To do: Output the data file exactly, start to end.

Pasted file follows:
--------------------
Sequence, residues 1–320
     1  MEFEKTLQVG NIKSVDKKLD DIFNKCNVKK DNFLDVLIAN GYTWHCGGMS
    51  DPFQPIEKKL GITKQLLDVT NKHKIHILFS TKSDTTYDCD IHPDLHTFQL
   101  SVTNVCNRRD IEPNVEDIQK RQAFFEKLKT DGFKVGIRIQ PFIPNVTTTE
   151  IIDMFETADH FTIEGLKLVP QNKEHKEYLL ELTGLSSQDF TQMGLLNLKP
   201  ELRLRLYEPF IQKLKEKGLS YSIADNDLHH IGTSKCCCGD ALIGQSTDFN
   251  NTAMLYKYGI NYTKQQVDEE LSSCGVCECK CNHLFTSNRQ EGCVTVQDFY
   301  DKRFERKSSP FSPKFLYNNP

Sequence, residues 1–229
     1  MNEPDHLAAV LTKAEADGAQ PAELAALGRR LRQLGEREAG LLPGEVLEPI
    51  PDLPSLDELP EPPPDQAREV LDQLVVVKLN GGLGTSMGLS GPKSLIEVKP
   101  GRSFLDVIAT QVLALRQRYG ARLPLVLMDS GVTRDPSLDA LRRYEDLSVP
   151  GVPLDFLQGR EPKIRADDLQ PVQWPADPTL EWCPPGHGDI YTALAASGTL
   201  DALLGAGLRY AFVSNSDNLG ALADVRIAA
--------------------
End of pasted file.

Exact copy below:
Sequence, residues 1–320
     1  MEFEKTLQVG NIKSVDKKLD DIFNKCNVKK DNFLDVLIAN GYTWHCGGMS
    51  DPFQPIEKKL GITKQLLDVT NKHKIHILFS TKSDTTYDCD IHPDLHTFQL
   101  SVTNVCNRRD IEPNVEDIQK RQAFFEKLKT DGFKVGIRIQ PFIPNVTTTE
   151  IIDMFETADH FTIEGLKLVP QNKEHKEYLL ELTGLSSQDF TQMGLLNLKP
   201  ELRLRLYEPF IQKLKEKGLS YSIADNDLHH IGTSKCCCGD ALIGQSTDFN
   251  NTAMLYKYGI NYTKQQVDEE LSSCGVCECK CNHLFTSNRQ EGCVTVQDFY
   301  DKRFERKSSP FSPKFLYNNP

Sequence, residues 1–229
     1  MNEPDHLAAV LTKAEADGAQ PAELAALGRR LRQLGEREAG LLPGEVLEPI
    51  PDLPSLDELP EPPPDQAREV LDQLVVVKLN GGLGTSMGLS GPKSLIEVKP
   101  GRSFLDVIAT QVLALRQRYG ARLPLVLMDS GVTRDPSLDA LRRYEDLSVP
   151  GVPLDFLQGR EPKIRADDLQ PVQWPADPTL EWCPPGHGDI YTALAASGTL
   201  DALLGAGLRY AFVSNSDNLG ALADVRIAA